Background: Autonomic dysfunction (AD) is associated with morbidity and mortality in patients with systolic heart failure (SHF). The extent of AD when LV ejection fraction is preserved (HF-NEF), is unclear. Our objectives were: 1) quantitative assessment of autonomic function in SHF and HF-NEF; and 2) exploration of relationships among AD, symptoms and cardiac function.
Methods: This was an observational study of patients newly referred from primary care with a heart failure diagnosis; 21 SHF, 20 HF-NEF patients and 21 normal subjects were recruited. All subjects underwent clinical evaluation, 6-minute walk test (6 MWT), Minnesota Questionnaire (MLWHFQ) and echocardiography. Autonomic assessment included haemodynamic responses to standing, deep breathing and handgrip. Concomitant blood pressure variability (BPV) and heart rate variability (HRV) parameters were also derived.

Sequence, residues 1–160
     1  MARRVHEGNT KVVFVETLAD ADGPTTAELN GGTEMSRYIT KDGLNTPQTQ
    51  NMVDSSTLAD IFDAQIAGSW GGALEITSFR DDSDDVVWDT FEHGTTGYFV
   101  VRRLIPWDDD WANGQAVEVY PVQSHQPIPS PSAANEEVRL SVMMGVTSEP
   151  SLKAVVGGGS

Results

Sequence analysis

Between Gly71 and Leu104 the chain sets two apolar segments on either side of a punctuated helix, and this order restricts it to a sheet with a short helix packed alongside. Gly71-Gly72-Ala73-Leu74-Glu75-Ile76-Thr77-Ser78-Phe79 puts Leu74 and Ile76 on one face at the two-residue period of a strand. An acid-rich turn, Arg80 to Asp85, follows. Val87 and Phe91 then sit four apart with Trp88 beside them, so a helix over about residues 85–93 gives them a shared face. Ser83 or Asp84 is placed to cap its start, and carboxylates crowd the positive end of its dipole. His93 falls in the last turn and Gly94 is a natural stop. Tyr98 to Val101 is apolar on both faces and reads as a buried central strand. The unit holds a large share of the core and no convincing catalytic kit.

Results: There were significant differences in all haemodynamic responses between SHF, HF-NEF and normal. Log transformed (ln) low frequency spectral component of BPV was lower in SHF (4.1 ± 0.3) than HF-NEF (4.2 ± 0.4) and normal (4.4 ± 0.1; p=0.001 SHF vs HF-NEF and vs normal). Ln LF/HF was greater in normal than HF-NEF and SHF (1.5 ± 0.7 vs 0.9 ± 1.0 vs 0.6 ± 0.6; p=0.003). Autonomic modulations correlated negatively with severity of heart failure.
Conclusions: Autonomic responses in heart failure were blunted and the attenuation of responses correlated strongly with symptomatic and functional markers of disease severity. Autonomic dysfunction is a feature of the heart failure syndrome but is not dependent on ejection fraction.
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